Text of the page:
Randomized Controlled Trial Multicenter Study
- Jorge Vas, José Manuel Aranda, Manuela Modesto, Nicolás Benítez-Parejo, Antonia Herrera, Dulce María Martínez-Barquín, Inmaculada Aguilar, Max Sánchez-Araujo, and Francisco Rivas-Ruiz.
- Public Health System, Servicio Andaluz de Salud, Pain Treatment Unit, Doña Mercedes Primary Health Care Centre, Dos Hermanas, Spain. email@example.com
- Pain. 2012 Sep 1;153(9):1883-9.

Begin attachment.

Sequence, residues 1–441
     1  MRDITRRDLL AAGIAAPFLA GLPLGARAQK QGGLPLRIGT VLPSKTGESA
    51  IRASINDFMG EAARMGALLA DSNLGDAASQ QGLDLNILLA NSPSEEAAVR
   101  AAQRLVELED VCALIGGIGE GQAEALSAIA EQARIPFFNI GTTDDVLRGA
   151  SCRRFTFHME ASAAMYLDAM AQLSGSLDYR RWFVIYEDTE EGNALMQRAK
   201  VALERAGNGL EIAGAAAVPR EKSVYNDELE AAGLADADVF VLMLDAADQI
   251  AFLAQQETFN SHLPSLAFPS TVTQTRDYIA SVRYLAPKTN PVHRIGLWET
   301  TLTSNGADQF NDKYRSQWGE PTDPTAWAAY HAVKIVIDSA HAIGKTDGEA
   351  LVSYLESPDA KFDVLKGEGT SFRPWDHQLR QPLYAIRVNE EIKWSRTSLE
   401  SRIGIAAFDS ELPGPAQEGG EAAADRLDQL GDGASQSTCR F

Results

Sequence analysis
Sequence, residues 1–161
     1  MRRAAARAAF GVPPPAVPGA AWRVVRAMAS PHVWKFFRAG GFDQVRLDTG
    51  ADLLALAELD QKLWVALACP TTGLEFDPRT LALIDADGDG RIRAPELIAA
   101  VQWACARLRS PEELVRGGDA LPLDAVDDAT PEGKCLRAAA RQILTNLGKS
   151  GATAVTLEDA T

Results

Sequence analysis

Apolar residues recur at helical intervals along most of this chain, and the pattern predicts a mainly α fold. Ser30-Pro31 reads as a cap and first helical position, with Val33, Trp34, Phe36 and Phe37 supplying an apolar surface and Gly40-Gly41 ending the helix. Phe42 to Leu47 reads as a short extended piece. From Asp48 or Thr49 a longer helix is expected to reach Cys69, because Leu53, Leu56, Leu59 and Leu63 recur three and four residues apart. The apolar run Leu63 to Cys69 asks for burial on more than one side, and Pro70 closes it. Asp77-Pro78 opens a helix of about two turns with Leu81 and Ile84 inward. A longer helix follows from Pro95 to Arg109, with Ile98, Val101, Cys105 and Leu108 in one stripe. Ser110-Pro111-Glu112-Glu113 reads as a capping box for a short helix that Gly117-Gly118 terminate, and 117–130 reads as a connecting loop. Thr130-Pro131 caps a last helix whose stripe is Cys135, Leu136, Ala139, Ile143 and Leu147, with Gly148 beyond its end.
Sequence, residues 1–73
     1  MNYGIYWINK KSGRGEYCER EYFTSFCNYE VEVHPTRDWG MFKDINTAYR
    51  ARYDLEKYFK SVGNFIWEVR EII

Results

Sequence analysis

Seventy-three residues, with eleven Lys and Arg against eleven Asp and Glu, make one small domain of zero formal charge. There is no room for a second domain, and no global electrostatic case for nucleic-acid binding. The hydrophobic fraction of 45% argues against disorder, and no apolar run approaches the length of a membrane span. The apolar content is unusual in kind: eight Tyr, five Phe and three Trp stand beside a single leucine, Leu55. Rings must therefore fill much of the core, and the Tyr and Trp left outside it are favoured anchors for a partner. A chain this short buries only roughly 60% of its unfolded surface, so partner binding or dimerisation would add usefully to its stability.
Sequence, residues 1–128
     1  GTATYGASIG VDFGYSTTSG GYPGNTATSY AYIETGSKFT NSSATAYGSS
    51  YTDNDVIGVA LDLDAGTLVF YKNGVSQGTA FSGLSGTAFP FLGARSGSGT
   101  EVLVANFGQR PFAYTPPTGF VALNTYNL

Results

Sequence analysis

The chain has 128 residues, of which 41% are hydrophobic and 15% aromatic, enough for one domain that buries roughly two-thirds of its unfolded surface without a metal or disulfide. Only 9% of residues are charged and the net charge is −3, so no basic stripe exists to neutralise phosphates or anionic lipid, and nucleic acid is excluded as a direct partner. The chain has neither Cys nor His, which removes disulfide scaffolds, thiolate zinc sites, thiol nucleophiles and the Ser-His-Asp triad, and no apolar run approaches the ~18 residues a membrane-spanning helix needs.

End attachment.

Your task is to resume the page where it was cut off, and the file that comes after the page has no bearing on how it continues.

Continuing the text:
AbstractReviews of the efficacy of acupuncture as a treatment for acute low back pain have concluded that there is insufficient evidence for its efficacy and that more research is needed to evaluate it. A multicentre randomized controlled trial was conducted at 4 primary-care centres in Spain to evaluate the effects of acupuncture in patients with acute nonspecific low back pain in the context of primary care. A total of 275 patients with nonspecific acute low back pain (diagnosed by their general practitioner) were recruited and assigned randomly to 4 different groups: conventional treatment either alone or complemented by 5 sessions over a 2-week period of true acupuncture, sham acupuncture, or placebo acupuncture per patient. Patients were treated from February 2006 to January 2008. The primary outcome was the reduction in Roland Morris Disability Questionnaire scores of 35% or more after 2weeks' treatment. The patients in the 3 types of acupuncture groups were blinded to the treatments, but those who received conventional treatment alone were not. In the analysis adjusted for the total sample (true acupuncture relative risk 5.04, 95% confidence interval 2.24-11.32; sham acupuncture relative risk 5.02, 95% confidence interval 2.26-11.16; placebo acupuncture relative risk 2.57 95% confidence interval 1.21-5.46), as well as for the subsample of occupationally active patients, all 3 modalities of acupuncture were better than conventional treatment alone, but there was no difference among the 3 acupuncture modalities, which implies that true acupuncture is not better than sham or placebo acupuncture.Copyright © 2012 International Association for the Study of Pain. Published by Elsevier B.V. All rights reserved.
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